Indulge if we can afford it?

What are we teaching our children when we indulge them even if you can afford it? We can all acknowledge that children today get a lot more than you or I ever did as kids.  We tell ourselves that is because we are wealthier and the communities we live in (our friends and acquaintances) are doing the same.  I would like to take a look at the developmental issues when we indulge
What are we teaching our kids when we indulge them even if we can afford it?

What are we teaching our kids when we indulge them even if we can afford it?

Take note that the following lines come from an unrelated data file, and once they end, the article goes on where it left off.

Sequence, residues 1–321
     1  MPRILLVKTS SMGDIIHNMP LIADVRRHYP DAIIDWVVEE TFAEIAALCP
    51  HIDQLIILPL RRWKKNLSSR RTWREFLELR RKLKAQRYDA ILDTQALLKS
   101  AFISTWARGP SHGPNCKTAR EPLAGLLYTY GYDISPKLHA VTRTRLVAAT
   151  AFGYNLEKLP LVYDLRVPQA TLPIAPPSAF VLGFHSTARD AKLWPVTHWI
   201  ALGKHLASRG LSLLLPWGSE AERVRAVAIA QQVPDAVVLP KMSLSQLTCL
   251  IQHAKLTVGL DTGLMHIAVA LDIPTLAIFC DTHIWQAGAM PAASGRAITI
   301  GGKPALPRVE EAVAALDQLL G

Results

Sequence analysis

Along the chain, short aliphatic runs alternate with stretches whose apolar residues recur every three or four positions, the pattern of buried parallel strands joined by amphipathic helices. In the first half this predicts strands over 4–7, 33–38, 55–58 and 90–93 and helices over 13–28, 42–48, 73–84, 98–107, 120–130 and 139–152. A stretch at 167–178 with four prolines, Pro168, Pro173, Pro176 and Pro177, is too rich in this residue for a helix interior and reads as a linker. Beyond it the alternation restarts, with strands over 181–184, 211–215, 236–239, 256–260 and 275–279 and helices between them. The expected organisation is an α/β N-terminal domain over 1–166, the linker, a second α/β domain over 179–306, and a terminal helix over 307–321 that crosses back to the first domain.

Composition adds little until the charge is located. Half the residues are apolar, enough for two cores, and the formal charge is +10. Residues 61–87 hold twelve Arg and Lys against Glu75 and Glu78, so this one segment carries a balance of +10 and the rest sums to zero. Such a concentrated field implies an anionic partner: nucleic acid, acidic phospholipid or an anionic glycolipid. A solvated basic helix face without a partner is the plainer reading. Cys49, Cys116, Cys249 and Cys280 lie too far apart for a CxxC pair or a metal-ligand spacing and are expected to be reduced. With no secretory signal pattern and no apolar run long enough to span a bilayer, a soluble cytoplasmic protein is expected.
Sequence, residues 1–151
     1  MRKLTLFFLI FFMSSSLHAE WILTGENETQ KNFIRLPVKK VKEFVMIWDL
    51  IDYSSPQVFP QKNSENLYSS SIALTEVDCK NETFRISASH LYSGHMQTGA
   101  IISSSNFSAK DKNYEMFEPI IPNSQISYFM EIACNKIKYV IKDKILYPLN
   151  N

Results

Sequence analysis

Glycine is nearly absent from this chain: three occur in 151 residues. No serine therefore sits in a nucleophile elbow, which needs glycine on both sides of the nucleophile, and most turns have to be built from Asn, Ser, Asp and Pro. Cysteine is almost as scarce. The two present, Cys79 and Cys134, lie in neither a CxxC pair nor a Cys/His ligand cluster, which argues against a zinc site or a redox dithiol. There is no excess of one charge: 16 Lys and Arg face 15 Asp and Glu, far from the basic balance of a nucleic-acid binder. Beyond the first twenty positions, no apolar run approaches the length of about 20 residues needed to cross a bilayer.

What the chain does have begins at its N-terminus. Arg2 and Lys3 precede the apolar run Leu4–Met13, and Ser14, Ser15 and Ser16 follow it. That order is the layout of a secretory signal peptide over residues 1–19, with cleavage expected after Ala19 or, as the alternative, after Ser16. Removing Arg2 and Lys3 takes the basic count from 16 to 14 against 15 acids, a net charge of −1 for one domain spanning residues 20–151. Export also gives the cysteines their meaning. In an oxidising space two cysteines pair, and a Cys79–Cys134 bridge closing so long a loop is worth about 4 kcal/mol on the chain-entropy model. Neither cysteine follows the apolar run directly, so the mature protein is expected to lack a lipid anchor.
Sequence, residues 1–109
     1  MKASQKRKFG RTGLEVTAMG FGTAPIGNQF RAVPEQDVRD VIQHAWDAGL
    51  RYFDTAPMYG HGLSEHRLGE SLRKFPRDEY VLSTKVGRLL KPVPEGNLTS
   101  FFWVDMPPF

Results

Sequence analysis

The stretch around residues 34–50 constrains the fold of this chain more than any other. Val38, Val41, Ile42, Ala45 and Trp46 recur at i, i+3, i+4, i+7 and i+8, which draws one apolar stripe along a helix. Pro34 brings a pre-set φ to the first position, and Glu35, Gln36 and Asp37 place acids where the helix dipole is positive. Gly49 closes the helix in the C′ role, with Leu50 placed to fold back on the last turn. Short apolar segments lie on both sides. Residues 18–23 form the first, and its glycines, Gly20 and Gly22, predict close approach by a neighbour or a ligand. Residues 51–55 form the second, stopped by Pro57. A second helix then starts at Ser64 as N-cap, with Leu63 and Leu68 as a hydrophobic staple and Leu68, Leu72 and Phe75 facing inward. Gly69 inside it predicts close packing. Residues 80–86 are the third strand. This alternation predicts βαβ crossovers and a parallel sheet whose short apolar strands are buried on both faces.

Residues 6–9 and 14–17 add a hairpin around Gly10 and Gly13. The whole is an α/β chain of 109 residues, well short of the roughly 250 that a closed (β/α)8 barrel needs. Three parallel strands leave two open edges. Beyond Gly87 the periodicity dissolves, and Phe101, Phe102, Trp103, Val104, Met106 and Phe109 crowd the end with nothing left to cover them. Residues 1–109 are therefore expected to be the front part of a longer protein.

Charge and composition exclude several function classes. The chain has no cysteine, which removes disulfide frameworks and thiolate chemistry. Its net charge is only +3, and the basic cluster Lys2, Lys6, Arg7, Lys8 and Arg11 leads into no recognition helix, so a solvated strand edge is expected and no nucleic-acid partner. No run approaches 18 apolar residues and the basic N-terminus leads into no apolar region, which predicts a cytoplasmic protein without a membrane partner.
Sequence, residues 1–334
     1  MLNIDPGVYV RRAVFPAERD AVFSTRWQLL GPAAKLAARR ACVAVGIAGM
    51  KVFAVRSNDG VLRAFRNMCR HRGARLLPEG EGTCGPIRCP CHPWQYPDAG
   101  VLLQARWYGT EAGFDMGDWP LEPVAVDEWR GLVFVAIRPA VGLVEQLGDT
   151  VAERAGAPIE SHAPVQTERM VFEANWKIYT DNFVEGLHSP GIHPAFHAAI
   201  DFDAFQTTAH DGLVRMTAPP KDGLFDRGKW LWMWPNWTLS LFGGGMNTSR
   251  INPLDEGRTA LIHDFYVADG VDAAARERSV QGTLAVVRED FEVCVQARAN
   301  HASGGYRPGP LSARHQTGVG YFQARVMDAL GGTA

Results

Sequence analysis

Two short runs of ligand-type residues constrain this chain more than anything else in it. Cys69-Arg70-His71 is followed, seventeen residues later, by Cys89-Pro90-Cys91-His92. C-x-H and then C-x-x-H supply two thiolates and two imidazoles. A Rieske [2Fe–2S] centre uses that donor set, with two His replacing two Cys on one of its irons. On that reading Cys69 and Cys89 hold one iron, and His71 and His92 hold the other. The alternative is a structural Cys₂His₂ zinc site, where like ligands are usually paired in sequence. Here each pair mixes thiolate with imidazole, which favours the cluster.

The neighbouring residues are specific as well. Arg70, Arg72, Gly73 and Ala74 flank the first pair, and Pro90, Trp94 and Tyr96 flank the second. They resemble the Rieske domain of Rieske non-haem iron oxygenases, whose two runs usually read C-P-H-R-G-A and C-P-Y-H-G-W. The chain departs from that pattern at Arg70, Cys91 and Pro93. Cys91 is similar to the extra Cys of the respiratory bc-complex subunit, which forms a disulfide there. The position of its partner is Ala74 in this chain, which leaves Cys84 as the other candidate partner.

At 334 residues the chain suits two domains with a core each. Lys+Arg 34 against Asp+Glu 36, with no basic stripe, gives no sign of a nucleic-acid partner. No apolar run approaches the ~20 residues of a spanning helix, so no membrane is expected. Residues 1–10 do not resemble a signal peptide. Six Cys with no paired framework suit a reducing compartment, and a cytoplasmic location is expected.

kids more than they need or expose them to “more” than they need to be exposed at their ages.   I am talking about everyday items, such as: should we give our kids a limit of data usage on their cell phones (because, yes they will have a cell phone) or should it be an open line? Should we take them to five star hotels on holidays and should they fly business class when they travel with us?  Should they be getting top of the range, branded goods as young teens?  I want to address what this does to our childrens’ psyche and outlook of life, regardless of whether we can easily afford it or not. Researchers have found that through indulging our children, we are breeding a generation of youth with narcissistic tendencies.  Teens are growing up with little sense that hard work reaps benefits, with little self-control and greater impulsivity.  Having little self-control has a profound impact on everyday life and affects those around the individual.   Indulgence prevents new skills being learnt, such as decision making, planning, strategizing and taking initiative.  It prevents a generous spirit and a sharing nature.  It increases impulsivity, entitlement, and a lack of drive and initiative.   Research has also shown that in youth who have been indulged the incidence of depression and anxiety in later life is that much higher.  If they have experienced most of life that is good and they haven’t had to set goals and work for them, what is there to look forward to later on?  Are children learning to base their level of happiness on how much stuff they have or do they have self-worth from a sense of their own achievement?  We rob our children of developing their own self-worth if we indulge and we are inadvertently teaching them to value their extrinsic worth more than their intrinsic worth. My advice as a parent of three teens and a clinical psychologist is to be okay to say “no” and sometimes even if your child is upset.  Talk through the issues with them.  As they grow older they will begin to understand and have a greater sense of who they are in the world and what part do they want to play in their community. References: Child Development 2003: 74 (6) : 1581-1593. The culture of affluence: psychological costs of material wealth. National Council on Family Relations Report - June 2014.  Raising children in an age of overindulgence.
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